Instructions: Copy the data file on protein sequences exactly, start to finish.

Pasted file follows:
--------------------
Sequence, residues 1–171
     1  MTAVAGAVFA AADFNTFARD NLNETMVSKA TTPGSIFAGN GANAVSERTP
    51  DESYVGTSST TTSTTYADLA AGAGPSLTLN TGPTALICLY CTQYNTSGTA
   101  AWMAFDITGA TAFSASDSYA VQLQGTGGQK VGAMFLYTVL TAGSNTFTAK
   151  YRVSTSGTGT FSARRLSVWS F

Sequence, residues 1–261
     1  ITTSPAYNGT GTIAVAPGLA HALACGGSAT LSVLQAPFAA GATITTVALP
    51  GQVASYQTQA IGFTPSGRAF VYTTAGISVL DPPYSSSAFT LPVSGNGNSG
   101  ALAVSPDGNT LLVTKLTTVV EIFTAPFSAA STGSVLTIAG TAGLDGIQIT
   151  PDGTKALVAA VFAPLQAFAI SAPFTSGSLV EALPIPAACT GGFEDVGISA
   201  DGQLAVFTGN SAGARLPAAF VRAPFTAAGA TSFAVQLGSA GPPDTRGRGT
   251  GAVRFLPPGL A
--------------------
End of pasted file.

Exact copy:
Sequence, residues 1–171
     1  MTAVAGAVFA AADFNTFARD NLNETMVSKA TTPGSIFAGN GANAVSERTP
    51  DESYVGTSST TTSTTYADLA AGAGPSLTLN TGPTALICLY CTQYNTSGTA
   101  AWMAFDITGA TAFSASDSYA VQLQGTGGQK VGAMFLYTVL TAGSNTFTAK
   151  YRVSTSGTGT FSARRLSVWS F

Sequence, residues 1–261
     1  ITTSPAYNGT GTIAVAPGLA HALACGGSAT LSVLQAPFAA GATITTVALP
    51  GQVASYQTQA IGFTPSGRAF VYTTAGISVL DPPYSSSAFT LPVSGNGNSG
   101  ALAVSPDGNT LLVTKLTTVV EIFTAPFSAA STGSVLTIAG TAGLDGIQIT
   151  PDGTKALVAA VFAPLQAFAI SAPFTSGSLV EALPIPAACT GGFEDVGISA
   201  DGQLAVFTGN SAGARLPAAF VRAPFTAAGA TSFAVQLGSA GPPDTRGRGT
   251  GAVRFLPPGL A